The seemingly apolitical nature of sport gives it the potential of “breaking the ice” in international relations, building a favourable image of a technological pioneer, or drawing public attention to the status of countries that are not fully sovereign or whose sovereignty is only partially recognised. However, in addition to its positive aspects, sports diplomacy also has its bad side, at times referred to as “negative sports diplomacy”. Historically, the latter has been associated with the act of using sports for political manifestations via boycotting or isolating athletes, with notable examples including those representing South Africa, Taiwan, or Israel.
The character of sports diplomacy largely depends on underlying contexts of political circumstances, argues Michał Kobierecki Ph.D., from the University of Łódź
Małgorzata Cichal, The Warsaw Institute Review: We have seen ping-pong diplomacy between the US and China, cricket diplomacy allowing for contact between India and Pakistan, and football diplomacy between Armenia and Turkey, to name some examples. How is sports diplomacy understood in a broader sense?
Michał Kobierecki: Sports diplomacy can be understood in different ways. These examples you mentioned are, of course, what is most directly associated with sports diplomacy. This understanding of the term involves the use of sports to “break the ice” in international relations, taking advantage of the apparent apoliticism of sport in attempts to bring countries closer together.
The second fundamental interpretation of sports diplomacy refers to the use of sport to contribute to building a country’s international image. In this approach, sport, thanks to its widespread popularity, is a convenient medium to send appropriate messages to the world. This can be done in many ways. The most popular ones include having teams or individuals of a given country attaining significant achievements in sports or organising and hosting sports events, especially the largest ones, including those classified as “mega-events”. In recent years, virtually all hostings of the Olympic Games contributed, at least to some extent, to shaping the image of the countries where they took place. This was especially true for the Olympic Games in Beijing, where the organisers intended to communicate a whole series of messages about modern China.
These two approaches to sports diplomacy seem to be the most common. But there are also some other ways in which this notion can be defined – for example by taking into account sporting actors involved in traditional diplomatic processes of negotiation, mediation, or representation. This type of sports diplomacy is especially visible in international sports organisations such as international federations or the International Olympic Committee.
How can sport contribute to foreign policy objectives?
Countries all over the world use sport in foreign policy for two main reasons. First, albeit sport is not politics, nowadays not many people question the political importance of sport, although these areas have never fully merged or overlapped. Therefore, sport is where politicians can go much further than in the world of politics. For example, two countries may not have diplomatic relations, and their shared border may be closed, but this may not always prevent a football match from being played (although recently, for example, UEFA has introduced restrictions on the qualifying draw procedure). After all, sport is not politics. In history, we have seen many cases of such use of sport, such as the ping pong or football diplomacy that you have mentioned.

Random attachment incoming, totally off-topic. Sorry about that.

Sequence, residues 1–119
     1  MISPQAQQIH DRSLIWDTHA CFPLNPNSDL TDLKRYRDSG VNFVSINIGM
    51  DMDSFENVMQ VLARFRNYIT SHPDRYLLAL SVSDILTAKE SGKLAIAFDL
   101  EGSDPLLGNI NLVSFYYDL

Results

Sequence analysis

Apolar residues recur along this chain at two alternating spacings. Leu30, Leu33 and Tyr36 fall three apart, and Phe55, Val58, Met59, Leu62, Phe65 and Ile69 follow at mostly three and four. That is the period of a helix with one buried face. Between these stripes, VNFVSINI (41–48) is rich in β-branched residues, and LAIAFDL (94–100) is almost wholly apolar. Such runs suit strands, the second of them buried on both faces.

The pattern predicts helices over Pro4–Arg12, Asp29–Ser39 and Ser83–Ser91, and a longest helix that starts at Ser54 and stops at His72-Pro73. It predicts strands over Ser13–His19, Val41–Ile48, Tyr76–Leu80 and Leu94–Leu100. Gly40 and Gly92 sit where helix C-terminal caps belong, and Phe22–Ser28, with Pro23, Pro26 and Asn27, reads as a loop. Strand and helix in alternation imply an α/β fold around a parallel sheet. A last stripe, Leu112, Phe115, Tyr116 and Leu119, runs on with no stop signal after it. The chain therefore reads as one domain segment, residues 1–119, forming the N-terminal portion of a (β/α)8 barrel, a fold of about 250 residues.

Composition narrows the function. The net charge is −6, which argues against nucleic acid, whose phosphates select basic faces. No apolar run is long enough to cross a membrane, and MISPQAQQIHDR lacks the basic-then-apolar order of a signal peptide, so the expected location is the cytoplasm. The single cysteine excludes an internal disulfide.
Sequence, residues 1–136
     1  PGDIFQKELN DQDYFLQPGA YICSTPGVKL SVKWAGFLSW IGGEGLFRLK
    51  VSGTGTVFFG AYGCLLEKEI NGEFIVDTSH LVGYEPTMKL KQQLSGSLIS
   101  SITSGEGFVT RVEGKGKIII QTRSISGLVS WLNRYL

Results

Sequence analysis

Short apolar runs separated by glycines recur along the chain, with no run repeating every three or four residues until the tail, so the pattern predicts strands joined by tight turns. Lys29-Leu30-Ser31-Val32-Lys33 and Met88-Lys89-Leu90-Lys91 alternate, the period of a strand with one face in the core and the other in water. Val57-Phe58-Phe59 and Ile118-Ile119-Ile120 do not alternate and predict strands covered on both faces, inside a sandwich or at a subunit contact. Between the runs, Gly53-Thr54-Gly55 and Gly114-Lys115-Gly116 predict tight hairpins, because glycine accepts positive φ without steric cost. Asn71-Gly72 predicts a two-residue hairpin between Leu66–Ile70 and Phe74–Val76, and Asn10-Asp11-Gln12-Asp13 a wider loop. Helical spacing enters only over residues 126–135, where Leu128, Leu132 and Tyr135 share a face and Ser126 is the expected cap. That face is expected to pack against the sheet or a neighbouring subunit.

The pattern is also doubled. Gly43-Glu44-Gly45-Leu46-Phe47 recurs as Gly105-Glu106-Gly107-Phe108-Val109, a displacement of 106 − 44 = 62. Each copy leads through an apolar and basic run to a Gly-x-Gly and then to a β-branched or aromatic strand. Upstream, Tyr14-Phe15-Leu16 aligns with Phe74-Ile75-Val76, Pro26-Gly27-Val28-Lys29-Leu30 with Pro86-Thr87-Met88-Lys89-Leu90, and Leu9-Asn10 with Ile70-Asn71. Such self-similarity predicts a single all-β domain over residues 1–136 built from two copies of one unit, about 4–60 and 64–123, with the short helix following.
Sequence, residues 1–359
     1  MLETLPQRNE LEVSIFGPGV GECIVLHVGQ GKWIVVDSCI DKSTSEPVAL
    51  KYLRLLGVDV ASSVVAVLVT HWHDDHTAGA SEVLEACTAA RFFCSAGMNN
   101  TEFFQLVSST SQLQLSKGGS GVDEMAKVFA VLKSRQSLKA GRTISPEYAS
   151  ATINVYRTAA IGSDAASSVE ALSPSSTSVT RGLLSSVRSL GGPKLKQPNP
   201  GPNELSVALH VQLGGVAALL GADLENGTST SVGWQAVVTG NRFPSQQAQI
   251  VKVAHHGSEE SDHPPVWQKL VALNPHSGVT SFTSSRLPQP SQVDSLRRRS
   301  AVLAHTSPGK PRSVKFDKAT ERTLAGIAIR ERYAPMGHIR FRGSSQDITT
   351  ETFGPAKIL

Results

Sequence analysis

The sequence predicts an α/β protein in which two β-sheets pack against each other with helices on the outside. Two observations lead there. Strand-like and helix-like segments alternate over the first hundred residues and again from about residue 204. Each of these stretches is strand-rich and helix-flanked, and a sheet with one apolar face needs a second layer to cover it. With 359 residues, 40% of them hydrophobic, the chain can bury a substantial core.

The second advantage of sport that makes it so useful for foreign policy is its popularity. Undoubtedly, it is one of the spheres of life that attracts great interest all over the world. It is no coincidence that sporting events translate into the most expensive advertising time. Consequently, if sports arouse such interest, their popularity may be used to achieve political goals – just as advertisers use it for commercial purposes. This is the basis for the possibility of using sport to shape the appropriate image of the state – shaping its soft power.
To what extent does sports diplomacy overlap with public diplomacy? What entities and areas of activity should we distinguish in this context?
This is a very complex question, and researchers have different views on the subject. A common approach is that sports diplomacy falls, in a sense, into a subcategory of public diplomacy – and I mostly identify with this interpretation. Public diplomacy is related to international communication, the recipients of which are societies all over the world. If you look at sports diplomacy, it largely involves such communication. On the other hand, however, many manifestations of sports diplomacy go beyond public diplomacy. First of all, they may involve sporting actors during, for example, negotiations between representatives of sports federations and countries’ political authorities. Such events may be organised to discuss the details of sporting events, decide on the recognition of national sports associations, or protect their sovereignty. This type of activity does not involve any forms of public diplomacy; rather, it refers to the traditionally understood diplomacy but extending it to new actors.
The primary subjects of public diplomacy are states. They, however, relatively often operate through other actors, such as sports clubs, athletes, national sports organisations, NGOs, and so on. Besides, these actors can act independently of countries, for example, through bottom-up sports exchanges, workshops, or training, and indirectly contribute to the objectives of their countries. And, of course, international sports diplomats are also actors, just like international sports federations I have already mentioned, and also such organisations as the World Anti-Doping Agency.